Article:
Xenical (orlistat): uses, doses, side effects

Steve Silvestro, MD - Contributor Avatar

Written by Alison Dalton 

Steve Silvestro, MD - Contributor Avatar

Written by Alison Dalton 

last updated: Nov 17, 2021

3 min read

There are many weight-loss drugs on the market. Most work by decreasing your appetite so that you’re more likely to eat smaller meals. Xenical (also known by its generic name, orlistat, and its over-the-counter name, Alli) is different. It works by reducing the amount of fat your body absorbs from the food you eat. Read on to learn about the effectiveness, benefits, dosage, and possible risks of Xenical.

What is Xenical (orlistat)?

Xenical is a weight-loss drug for people with obesity. It’s available only by prescription. The generic name for Xenical is orlistat. Xenical works by reducing the amount of fat your body absorbs from the foods you eat.

A lower-dose, over-the-counter (OTC) version of Xenical is available without a prescription. Its brand name is Alli.

Xenical uses

The FDA approves Xenical for the treatment of obesity. It can be used for weight loss, as well as weight management once you’ve lost weight. It is best used when combined with a reduced-calorie diet (National Library, 2020). 

Does Xenical work for losing weight? 

Xenical has been shown to be effective in lowering body weight, body mass index (BMI), and waist circumference. Studies showed that one year of using Xenical could result in losing 5–10% or more of your starting weight (FDA, 2009).

There can be other benefits of Xenical as well, including (Bansal, 2020):

Xenical should be combined with a reduced-calorie diet to be most effective.

Orlistat side effects

Common side effects of orlistat include (National Library, 2020):

  • Stomach cramps

  • Gas

  • Diarrhea

  • Stool leakage

  • Oily stools

These side effects are more likely to happen if you take Xenical with a high-fat meal (that is, more than 30% of the calories are from fat). If you avoid eating a lot of dietary fats with a meal, you may be less likely to have these side effects.

Some people taking Xenical have reported severe liver injury. However, it’s not known whether Xenical caused the damage.

Xenical dosage

Xenical comes in 120 mg capsules. The typical recommended dose of Xenical is one capsule three times per day, taken with your main meals, though your healthcare provider will determine the best plan for you. It’s recommended that no more than 30% of the calories in the meal come from fat. Because Xenical works by decreasing how much fat your body absorbs from a meal, you can skip the dose for that meal if the meal contains no fat. Increasing the dosage of Xenical doesn’t increase weight loss.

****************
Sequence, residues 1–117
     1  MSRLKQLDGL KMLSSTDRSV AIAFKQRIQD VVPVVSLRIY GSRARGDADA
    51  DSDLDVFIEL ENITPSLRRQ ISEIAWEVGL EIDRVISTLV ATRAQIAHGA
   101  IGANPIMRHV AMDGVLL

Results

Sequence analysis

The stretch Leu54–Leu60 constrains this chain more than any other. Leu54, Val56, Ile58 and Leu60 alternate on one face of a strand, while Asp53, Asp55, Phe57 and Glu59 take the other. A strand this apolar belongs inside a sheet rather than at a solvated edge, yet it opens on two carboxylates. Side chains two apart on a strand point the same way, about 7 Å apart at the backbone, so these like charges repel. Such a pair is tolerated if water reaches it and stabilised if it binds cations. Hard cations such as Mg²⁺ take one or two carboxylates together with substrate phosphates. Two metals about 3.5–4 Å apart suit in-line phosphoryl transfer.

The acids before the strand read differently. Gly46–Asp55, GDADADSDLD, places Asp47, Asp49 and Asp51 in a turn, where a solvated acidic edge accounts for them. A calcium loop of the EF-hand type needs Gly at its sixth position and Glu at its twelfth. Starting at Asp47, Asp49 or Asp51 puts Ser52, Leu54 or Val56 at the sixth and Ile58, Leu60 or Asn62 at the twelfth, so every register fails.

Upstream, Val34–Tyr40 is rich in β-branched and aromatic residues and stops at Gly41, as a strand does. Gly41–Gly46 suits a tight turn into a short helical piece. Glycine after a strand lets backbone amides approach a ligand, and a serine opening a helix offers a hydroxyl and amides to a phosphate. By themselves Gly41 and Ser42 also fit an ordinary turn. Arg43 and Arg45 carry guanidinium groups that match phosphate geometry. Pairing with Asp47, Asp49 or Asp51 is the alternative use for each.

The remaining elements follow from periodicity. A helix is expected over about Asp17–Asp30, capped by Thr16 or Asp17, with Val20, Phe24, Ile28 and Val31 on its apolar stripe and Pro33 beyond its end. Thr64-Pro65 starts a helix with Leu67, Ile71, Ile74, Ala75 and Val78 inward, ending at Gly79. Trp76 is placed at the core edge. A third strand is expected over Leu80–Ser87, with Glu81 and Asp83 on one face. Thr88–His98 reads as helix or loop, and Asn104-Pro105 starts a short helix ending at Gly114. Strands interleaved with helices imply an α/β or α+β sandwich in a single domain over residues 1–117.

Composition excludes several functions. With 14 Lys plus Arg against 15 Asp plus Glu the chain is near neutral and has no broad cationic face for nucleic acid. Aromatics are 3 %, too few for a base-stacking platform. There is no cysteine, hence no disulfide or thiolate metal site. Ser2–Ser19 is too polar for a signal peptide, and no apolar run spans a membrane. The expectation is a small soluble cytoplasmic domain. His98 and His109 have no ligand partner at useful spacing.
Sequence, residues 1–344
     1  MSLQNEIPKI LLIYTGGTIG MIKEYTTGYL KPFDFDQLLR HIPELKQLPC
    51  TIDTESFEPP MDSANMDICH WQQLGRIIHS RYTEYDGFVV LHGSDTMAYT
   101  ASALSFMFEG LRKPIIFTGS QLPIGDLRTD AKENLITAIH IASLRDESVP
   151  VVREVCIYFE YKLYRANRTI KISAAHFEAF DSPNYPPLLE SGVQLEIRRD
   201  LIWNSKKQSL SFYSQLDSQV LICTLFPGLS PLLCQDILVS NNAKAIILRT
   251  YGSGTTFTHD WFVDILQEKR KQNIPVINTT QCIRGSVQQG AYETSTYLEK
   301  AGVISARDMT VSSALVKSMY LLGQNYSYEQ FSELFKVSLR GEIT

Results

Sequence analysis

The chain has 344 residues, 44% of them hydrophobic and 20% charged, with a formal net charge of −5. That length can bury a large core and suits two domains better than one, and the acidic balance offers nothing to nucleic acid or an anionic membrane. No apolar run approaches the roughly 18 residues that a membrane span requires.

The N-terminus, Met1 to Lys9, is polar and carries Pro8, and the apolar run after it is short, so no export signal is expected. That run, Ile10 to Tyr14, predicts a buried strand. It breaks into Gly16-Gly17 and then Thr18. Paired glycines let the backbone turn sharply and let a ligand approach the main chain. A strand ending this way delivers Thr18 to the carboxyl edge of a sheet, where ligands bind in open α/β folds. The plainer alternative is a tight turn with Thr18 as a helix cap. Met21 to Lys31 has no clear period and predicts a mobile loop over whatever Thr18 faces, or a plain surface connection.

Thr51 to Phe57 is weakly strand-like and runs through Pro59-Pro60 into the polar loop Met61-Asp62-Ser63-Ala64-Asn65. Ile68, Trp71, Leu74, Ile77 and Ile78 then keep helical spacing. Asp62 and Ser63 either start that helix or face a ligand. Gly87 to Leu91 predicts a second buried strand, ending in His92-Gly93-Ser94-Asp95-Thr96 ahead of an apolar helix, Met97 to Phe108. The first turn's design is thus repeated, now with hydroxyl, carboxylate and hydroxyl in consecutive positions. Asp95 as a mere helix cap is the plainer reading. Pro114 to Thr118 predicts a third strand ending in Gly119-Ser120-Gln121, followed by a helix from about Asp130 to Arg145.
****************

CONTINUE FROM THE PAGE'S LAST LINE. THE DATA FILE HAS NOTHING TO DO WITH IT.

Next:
When using Xenical, you should take a multivitamin supplement that contains the fat-soluble vitamin A, vitamin D, vitamin E, vitamin K, and beta-carotene to ensure you’re getting all the nutrition you need. The multivitamin should be taken at least two hours before or after taking Xenical (National Library, 2020).

Xenical warnings

Xenical shouldn’t be taken by people who (National Library, 2020):

  • Are pregnant

  • Have chronic malabsorption syndrome (inability to absorb nutrients from the intestine)

  • Have cholestasis (reduced or no flow of bile, the digestive fluid made by the liver)

  • Have anorexia or bulimia (Bansal, 2020)

If you’re breastfeeding, talk with your healthcare provider before taking Xenical. Small amounts of Xenical have been detected in the breast milk of one woman studied. However, it’s believed to be unlikely that harmful amounts of Xenical would be absorbed by your baby (Drugs and Lactation, 2021). Speak with your healthcare provider to determine whether you should take Xenical while breastfeeding.

Xenical drug interactions 

Xenical interacts with a number of other drugs. These interactions can have serious effects on your health. Be sure to tell your healthcare provider if you’re taking any of the medications listed below (National Library, 2020):

  • Cyclosporine

  • Levothyroxine

  • Warfarin

  • Amiodarone

  • Antiretroviral drugs (for HIV/AIDS)


If you have any medical questions or concerns, please talk to your healthcare provider. The articles on Health Guide are underpinned by peer-reviewed research and information drawn from medical societies and governmental agencies. However, they are not a substitute for professional medical advice, diagnosis, or treatment.

How we reviewed this article

Every article on Health Guide goes through rigorous fact-checking by our team of medical reviewers. Our reviewers are trained medical professionals who ensure each article contains the most up-to-date information, and that medical details have been correctly interpreted by the writer.

Current version

November 17, 2021

Written by

Alison Dalton

Fact checked by

Steve Silvestro, MD

About the medical reviewer

Dr. Steve Silvestro is a board-certified pediatrician and Associate Director, Clinical Content & Education at Ro.

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